He lived and he was loved.

I have some friends that haven’t known me for very long. I have some friends that have known me for what seems like forever.

Everyone that knows me should know this one thing. I have a brother and 19 years ago today he died. But more importantly, he lived. He lived and he was loved. He was loved by me and so many more. He lived and he was loved.

I want my kids to know him the way I did, but it’s been so long that I’m starting to forget.

I was snuggling with my girl the other night making funny faces and I showed her Uncle Danny’s favorite funny face. I wish so much that he was here to show her. This is the best I can do. Funny faces, funny sayings, and stories. But the memories, they fade.

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My brother Dan as a baby and his nephew Theo. A slight resemblance there, huh?

I have a friend who very recently lost her own brother. We were in Vermont watching the Olympics together as Bode Miller broke down on TV about the loss of his brother. And there we were, the three of us, crying for our brothers. She and I talked for a while about our brothers. It was sad, but also nice. I think we both appreciated the space to talk about them without fear that we would upset someone or say the wrong thing. I understand her. I have been where she is.

I don’t get to talk about him much with new friends. It’s an odd thing to bring up and most just quickly move the conversation along. Fair enough.

But he is a part of the person I am today. His death is a part of the person I am today. If he had not died I would not be same person that I am right now. Had he not lived I would be no where near the person I am today. He was and is my brother.

I’m writing this not for a chorus of “I’m sorry” or “Hugs” (not that I won’t take them), but just so that you know he lived and he was loved. If you don’t know me that well maybe you didn’t know I had a brother.

Well I’m here to tell you I have a brother. His name is Daniel, Dan, Danny, Bean. He lived and he was loved.

 

 

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“Grief is the price we pay for love.”

My brother Dan

I saw someone that looks like my brother today. It always stops me in my tracks. Always. It makes my heart beat faster. I start having crazy thoughts.

 

He was hunched over at the liquor store doing some stocking. He had the same color wispy greasy hair. A spotty beard that wasn’t quite filled in. A nose to big for his face. He looked up at me, undoubtably because he could feel me staring at him.

Sure enough his eyes were blue. Not the same beautiful blue, but blue enough to make me avert my own eyes and awkwardly fumble with my wallet.

 

I watched him walk away, bought my wine, and ran out. I jumped into the van and sighed.  I tell my husband. He says “Imagine that?” And then he didn’t finish his thought.

 

Whether he thought better of it or whether one of the kids interrupted I don’t know. I was barely able to hear anything besides my heart pounding in my ears. But he was right not to venture down that thought rabbit hole with me. It never ends well.

 

He’s gone. And you’d think that 18 years later it wouldn’t pain my heart so much in moments like that. But it does, and it always will.

“Grief is the price we pay for love.” ~Queen Elizabeth.

 

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Light a candle of love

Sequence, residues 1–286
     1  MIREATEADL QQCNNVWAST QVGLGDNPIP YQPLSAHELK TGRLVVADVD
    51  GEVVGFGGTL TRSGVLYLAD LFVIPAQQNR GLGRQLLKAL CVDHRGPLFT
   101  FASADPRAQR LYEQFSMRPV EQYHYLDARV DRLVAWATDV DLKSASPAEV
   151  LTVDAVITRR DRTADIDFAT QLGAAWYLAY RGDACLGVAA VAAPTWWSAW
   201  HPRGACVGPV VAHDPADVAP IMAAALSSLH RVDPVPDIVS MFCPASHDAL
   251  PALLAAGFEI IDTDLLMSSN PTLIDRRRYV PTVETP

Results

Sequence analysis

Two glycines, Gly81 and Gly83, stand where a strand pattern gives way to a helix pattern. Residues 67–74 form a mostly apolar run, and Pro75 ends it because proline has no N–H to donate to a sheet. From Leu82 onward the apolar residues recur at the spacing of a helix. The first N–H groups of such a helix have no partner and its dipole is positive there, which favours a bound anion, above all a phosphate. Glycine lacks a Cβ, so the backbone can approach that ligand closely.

My children are playing together quietly in the other room. I hear them whispering to each other. They are playing nicely.

My children.

They are 6, 4 & 2. This doesn’t happen often. The quiet playing nicely thing. I have a minute so I thought I’d write.

I have gone quiet since last Friday. Since Newtown. Since the shooting. It has weighed so heavily on my heart, there are moments I can’t even bear it. There are many posts in my head that relate to it but I can’t get them out right now. I probably won’t.

There is a post about grief and the holidays. My brother died when I was 23 and the holidays are fraught with mixed emotions.

There is a post about losing a child so quickly. I was living at home when my brother died and, apart from my own grief, watching my parents go through theirs was just about the most awful thing I have ever experienced.

There is a post about guns. I don’t have toy guns in my house. My oldest has asked Santa for a Nerf gun. I told him that Santa knows Mommy doesn’t like toy guns. He’s still hopeful. My friend’s husband is a State Trooper, my BIL is in the army. There are actual guns in their houses. I get it. I bought my nephew a gift card for paint ball for Christmas. Now I can’t give it to him. I can’t.

There is a post about teachers. No there actually is a post about teachers. Please honor your teachers everyday. They deserve it.

There is a post about mortality. When I was a kid I was so afraid that my parents would die and leave me. I felt it so acutely that I remember it to this day. We have a very large family and I had been to a bunch of funerals at a young age. It was terrifying to me.

There is a post about my decision to have children because it was a decision. Watching what my parent’s went through after we lost Dan was something I was positive I didn’t want to go through. The easiest way to ensure that was just to not have them right. Oy.

So there are many and I can’t write any of it. I am too jumbled and now I have the flu. The other night I took something for it that made me stay up instead of fall asleep. I kept thinking about Newtown and those teachers and those 6 year olds.

Six.

My baby is six.

If that young man had come into my baby’s classroom he would have been excited to see him. Cool he’s dressed like an army guy! He has a gun! And then…I couldn’t shake that thought and still can’t. My baby wouldn’t have run for cover if he saw him. It a grotesque and awful thought that will not leave my head.